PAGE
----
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Past Fun, Fellowship, and Ministry at Troy First

By: Sue Oleson


Scripture:           Mark 6:1-13


Thoughts:          When Richard Campbell Raines was appointed bishop of Indiana, he told his wife that now he was a bishop, he would conduct himself with utmost dignity, and he expected to be treated with great reverence and respect.  The next morning his wife awakened him by hurling pillows at him and yelling, “Hi, Bish!”


Our families keep us humble.  The youngest child arrives to find a cast of characters already on stage with well-defined rôles and scripts.  This youngest child has only a bit part, and he needs to learn his lines quickly.


Although Jesus was Mary’s first born, his brothers James, Joses, Simon, and Juda and his unnamed sisters probably paid scant attention to his importance.  “That’s my slingshot!” “Mom gave me this cookie!”  Go get your own drink of water!”


A prophet is not without honor – except at home.


Discussion:        Of what significance are the studies of birth orders in families?


Activity:              Remember to honor our own prophets.  Recently they cleaned and painted and installed new carpeting in our parsonage.

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By: Sue Oleson


Scripture:           Mark 5:21-43


Thoughts:          Jesus lived in a society which valued sons.  Sons could carry on the family name; they could work in the family business or on the family farm.  Bluntly, fathering sons was considered a measure of a man’s virility.


So it is endearing to hear Jairus speak lovingly of his little daughter.  Our hearts hurt with his as he implores Jesus to come and heal his precious daughter.


We can picture Jairus guiding Jesus through the throngs of people, hurrying desperately to his daughter’s bedside.  When Jesus stopped to acknowledge the touch of a poor, ill woman, Jairus must have wanted to scream, “Never mind her!  We’re wasting time!  We must hurry!  Come on!”


We want attention, and we want it now – full and undivided attention.


Discussion:        During an average day, what events and what people receive our full attention?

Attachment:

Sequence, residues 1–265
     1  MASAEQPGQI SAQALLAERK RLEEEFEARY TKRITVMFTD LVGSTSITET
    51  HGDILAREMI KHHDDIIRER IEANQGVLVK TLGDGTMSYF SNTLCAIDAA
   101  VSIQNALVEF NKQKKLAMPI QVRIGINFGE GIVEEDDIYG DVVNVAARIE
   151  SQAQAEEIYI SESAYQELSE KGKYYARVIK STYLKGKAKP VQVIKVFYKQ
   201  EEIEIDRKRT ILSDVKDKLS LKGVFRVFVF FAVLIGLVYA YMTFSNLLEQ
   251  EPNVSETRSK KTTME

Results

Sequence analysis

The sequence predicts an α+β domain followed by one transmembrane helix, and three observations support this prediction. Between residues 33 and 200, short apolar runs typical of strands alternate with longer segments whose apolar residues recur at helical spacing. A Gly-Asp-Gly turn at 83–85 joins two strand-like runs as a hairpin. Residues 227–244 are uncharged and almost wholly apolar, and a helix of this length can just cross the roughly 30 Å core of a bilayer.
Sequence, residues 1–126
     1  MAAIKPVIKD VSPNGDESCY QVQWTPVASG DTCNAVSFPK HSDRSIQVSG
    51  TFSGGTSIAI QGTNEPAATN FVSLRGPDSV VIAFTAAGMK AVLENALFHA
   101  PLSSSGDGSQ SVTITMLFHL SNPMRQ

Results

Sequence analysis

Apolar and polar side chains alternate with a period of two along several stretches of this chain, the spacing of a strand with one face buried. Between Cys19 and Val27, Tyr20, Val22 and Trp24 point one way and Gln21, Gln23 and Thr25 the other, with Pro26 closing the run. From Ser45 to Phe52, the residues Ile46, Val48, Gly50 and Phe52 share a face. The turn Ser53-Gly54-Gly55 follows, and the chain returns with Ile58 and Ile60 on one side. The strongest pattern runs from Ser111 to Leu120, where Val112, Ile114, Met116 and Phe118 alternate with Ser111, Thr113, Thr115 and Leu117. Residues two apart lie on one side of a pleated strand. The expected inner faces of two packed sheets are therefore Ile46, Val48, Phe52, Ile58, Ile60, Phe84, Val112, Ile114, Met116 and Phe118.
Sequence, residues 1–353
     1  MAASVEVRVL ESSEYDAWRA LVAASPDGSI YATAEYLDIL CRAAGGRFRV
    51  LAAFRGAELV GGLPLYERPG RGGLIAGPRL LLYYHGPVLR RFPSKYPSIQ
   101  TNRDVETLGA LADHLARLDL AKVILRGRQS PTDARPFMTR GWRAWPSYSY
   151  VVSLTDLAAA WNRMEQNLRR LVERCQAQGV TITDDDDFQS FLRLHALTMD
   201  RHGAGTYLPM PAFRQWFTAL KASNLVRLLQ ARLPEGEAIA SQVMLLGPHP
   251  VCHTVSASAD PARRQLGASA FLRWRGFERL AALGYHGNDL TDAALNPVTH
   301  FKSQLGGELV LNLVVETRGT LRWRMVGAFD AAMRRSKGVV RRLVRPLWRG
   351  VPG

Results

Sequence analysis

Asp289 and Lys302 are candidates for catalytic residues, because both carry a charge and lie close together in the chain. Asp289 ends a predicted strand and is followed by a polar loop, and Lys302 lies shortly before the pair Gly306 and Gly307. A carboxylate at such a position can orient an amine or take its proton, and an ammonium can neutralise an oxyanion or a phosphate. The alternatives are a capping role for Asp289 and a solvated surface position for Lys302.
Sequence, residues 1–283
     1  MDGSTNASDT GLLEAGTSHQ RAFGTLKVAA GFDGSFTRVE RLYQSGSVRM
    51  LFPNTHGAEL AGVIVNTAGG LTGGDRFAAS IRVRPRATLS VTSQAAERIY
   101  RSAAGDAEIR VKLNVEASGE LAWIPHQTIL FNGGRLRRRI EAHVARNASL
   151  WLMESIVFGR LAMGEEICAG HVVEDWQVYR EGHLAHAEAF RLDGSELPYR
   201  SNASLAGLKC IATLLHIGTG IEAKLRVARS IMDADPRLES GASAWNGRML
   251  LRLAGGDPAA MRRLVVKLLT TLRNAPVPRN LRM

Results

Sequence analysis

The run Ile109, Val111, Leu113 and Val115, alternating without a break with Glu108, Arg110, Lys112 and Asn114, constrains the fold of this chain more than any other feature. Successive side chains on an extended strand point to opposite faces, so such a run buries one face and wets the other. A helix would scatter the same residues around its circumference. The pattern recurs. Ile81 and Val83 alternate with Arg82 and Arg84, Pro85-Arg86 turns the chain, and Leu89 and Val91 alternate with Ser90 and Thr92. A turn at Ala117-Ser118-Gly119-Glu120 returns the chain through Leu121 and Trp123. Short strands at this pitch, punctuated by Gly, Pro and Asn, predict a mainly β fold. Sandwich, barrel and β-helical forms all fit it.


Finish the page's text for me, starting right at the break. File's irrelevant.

Activity:              This Sunday, concentrate on the words of the congregational hymns.

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By: Sue Oleson


Scripture:           Colossians 3:12-19


Thoughts:          “Let the word of Christ dwell in you richly in all wisdom; teaching and admonishing one another in psalms and hymns and spiritual songs, singing with grace in your hearts to the Lord.”  (v. 16)


The relatively new hymn “Help Us Accept Each Other” has these great lines:

                             “To learn to care for others –

                             For all, not just for some –

                             To love them as we find them,

                             Or as they may become.”


What happened to the young man with curly hair who brought roses to his wife for James Monroe’s birthday and praised her tuna fish casserole?


What happened to the slim young woman who put love notes and homemade cookies in her husband’s lunch?


They became older and grayer and heavier and – as the hymn says, “…cumbered with a load of care.”  The money once used for roses pays for braces and college tuition.  The love notes give way to helping a teen-ager through The Scarlett Letter.  By tacit agreement, the tuna fish casseroles disappear.


Discussion:        When you meet someone, what characteristic has you at hello?


Activity:              Listen carefully to a friend’s answer to “How was your day?”

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By: Sue Oleson


Scripture:           Mark 4:26-34


Thoughts:          Twenty-seven hymns in our United Methodist hymnal begin with the word “come.”  “Come” implies that we are welcome; we are wanted.  Some of the most familiar hymns are “Come, Thou Fount of Every Blessing,” “Come, Thu Almighty King,” and “Come, Thou Long-Expected Jesus.”


Today’s scripture contains some words that appear almost verbatim in the hymn “Come, Ye Thankful People, Come,” which we sing almost exclusively at Thanksgiving time. The second verse is the best.


              “All the world is God’s own field,

              Fruit unto his praise to yield.

              Wheat and tares together sown,

              Unto joy or sorrow grown.

              First the blade and then the ear,

              Then the full corn shall appear.

              Lord of harvest, grant that we

              Wholesome grain and pure may be.”


On Sunday morning, we see our precious little “blades” running down the aisle for the children’s time with Rev. Hal.  The “ears” blessed us with their stories of the college mission trip.  And we “full corns” must endeavor to be “wholesome grain and pure,” so that we may bring the harvest home.


Discussion:        What nugget from a sermon, what Bible verse, what Sunday School lesson has lived in your mind and your heart?


Activity:              Make one little blade your special friend.  Smile and call him/her by name when you say good morning.  Send your blade a birthday card.

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By: Sue Oleson


Scripture:           Mark 3:20-35


Thoughts:          Jesus chose his twelve disciples.  Then he went home.


It was not to be a restful visit.  Crowds surrounded his mother’s home, the local people questioning his sanity, and the Jerusalem scribes accusing him of working with Satan to perform his miracles.  Jesus told the crowd that a house divided against itself cannot stand.